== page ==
When it comes to claret, you get what you pay for, and this is what you get. Chateau Trèscher is the kind of old-school Bordeaux I love, and over ten years give or take it will come to maturity with, as Jay McInerney said to me (more than once), all the aromas of the tack room and the library. There’s no question that you’re getting a taste of a gentleman’s lifestyle; I found suggestions myself of cigar boxes, grouse moor heather, spent shotgun cartridges and fox brush. It’s been released at £732, a mere fiscal bagatelle. Just make sure you live for another ten years, which will also give you time to save up for the VAT, duty, storage and delivery. 


The natural wine movement continues apace, and Josh Beardie’s Wiyana is where it’s at. A fan of low intervention, Josh Beardie is only 5ft 4. His vineyard is, of course, organic; no artificial products are allowed on the soil, so the pickers are not permitted to wear trainers. A horse is used to catch a cow which catches a dog who catches a cat which catches a bird who catches a spider which wriggles and wiggles and tickles inside the vineyard, but catches the flies. Wiyana (from the Hittite for ‘wine’) is fermented in goatskin, and matured in buried amphorae. The wine itself has an astonishing natural authenticity, and offers a resonance of authentic pre-scientific winemaking for which it’s worth being prepared.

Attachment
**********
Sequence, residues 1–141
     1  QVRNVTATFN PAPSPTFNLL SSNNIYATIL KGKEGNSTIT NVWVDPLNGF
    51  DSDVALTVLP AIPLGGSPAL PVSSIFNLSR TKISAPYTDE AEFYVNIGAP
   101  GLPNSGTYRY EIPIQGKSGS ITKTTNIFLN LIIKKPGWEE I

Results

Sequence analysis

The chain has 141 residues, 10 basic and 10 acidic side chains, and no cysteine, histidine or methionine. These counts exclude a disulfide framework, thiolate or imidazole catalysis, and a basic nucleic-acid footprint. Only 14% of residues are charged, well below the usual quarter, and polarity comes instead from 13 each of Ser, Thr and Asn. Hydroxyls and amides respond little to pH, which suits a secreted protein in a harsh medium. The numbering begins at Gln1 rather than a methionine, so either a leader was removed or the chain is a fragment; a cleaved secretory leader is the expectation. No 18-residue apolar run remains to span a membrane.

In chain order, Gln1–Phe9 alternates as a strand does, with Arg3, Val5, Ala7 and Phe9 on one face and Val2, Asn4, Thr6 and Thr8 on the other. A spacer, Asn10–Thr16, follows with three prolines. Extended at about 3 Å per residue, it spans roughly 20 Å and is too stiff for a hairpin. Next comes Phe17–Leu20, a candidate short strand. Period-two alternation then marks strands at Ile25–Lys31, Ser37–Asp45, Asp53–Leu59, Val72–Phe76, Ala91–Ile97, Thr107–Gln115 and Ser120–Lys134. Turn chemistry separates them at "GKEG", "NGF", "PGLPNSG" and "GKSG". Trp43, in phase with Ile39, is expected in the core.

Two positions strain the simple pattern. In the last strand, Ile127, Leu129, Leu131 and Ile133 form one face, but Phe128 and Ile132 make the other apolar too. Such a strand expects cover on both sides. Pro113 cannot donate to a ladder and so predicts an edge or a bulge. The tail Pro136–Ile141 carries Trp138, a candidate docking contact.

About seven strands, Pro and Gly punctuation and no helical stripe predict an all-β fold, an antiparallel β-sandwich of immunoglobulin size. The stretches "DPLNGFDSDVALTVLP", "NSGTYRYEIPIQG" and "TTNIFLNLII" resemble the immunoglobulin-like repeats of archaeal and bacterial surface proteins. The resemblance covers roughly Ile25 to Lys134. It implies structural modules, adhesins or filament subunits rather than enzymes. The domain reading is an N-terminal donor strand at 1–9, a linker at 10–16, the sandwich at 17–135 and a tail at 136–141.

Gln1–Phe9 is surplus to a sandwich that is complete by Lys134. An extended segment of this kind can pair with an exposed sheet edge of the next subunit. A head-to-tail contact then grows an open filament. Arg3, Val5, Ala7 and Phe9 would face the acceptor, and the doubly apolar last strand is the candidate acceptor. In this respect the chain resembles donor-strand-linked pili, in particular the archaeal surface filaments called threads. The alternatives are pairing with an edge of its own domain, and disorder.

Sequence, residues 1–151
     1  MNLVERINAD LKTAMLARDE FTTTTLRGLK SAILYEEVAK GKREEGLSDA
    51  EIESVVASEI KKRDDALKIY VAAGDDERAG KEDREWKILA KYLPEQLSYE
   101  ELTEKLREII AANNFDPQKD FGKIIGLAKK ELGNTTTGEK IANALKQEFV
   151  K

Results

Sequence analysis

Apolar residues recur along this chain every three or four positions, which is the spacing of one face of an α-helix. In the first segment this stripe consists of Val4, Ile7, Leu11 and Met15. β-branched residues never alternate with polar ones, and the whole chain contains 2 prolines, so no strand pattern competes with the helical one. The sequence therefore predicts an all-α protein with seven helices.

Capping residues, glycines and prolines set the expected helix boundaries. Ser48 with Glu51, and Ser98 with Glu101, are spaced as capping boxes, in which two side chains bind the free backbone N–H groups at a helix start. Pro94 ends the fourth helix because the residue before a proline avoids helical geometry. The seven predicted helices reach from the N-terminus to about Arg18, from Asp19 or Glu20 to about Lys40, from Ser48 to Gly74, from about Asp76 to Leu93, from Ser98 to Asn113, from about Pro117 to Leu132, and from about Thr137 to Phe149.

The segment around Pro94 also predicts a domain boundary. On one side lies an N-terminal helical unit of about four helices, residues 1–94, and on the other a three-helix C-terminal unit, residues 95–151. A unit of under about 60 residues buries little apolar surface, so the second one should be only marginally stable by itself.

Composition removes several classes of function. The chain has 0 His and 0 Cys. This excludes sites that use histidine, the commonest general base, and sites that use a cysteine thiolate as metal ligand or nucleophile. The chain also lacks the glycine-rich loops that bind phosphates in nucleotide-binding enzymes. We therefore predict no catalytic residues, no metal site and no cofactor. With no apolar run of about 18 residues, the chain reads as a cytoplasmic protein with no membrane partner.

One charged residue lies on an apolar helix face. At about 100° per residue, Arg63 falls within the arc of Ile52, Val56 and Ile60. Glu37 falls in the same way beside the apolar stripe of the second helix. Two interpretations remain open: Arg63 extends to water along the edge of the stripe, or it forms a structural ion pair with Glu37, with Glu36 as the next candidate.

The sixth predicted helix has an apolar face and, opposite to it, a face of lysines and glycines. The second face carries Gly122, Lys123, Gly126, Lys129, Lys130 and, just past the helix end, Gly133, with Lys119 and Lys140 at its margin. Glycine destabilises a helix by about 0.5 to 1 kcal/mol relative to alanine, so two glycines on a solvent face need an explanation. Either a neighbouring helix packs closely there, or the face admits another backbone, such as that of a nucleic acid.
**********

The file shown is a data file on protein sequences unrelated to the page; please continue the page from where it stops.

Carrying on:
The Bonvin family is part of a great winemaking heritage. When Chateau Lafite was sold to the Rothschilds in 1868, Louis Bonvin’s grandmother’s aunt’s stepdaughter was married to the cousin whose sister sold her share. You can imagine how that family connection has influenced his extraordinary wine.
    The vineyard itself is right next door to that of a celebrated wine (which we’re not allowed to name!), but it faces discreetly in the opposite direction; water from the Gironde River irrigates both their soils, and the same rain often falls upon them. Yet inexplicably, we can sell this wine for much less than its celebrated neighbour! The bottles themselves are almost identical, apart from the labels. But don't just take our word for it; one leading Bordeaux critic (who we're not allowed to name!) has used the same term to describe both wines – "red".


PK

Thursday, 31 May 2018

Animals



So PK drags me along to the London Wine Fair, partly with the intention of re-kindling any interest in wine I might once have had, partly so he's got someone to talk to. And what do you know? Turns out this year's London Wine Fair is unexpectedlly entertaining, although not because of the wine, as such.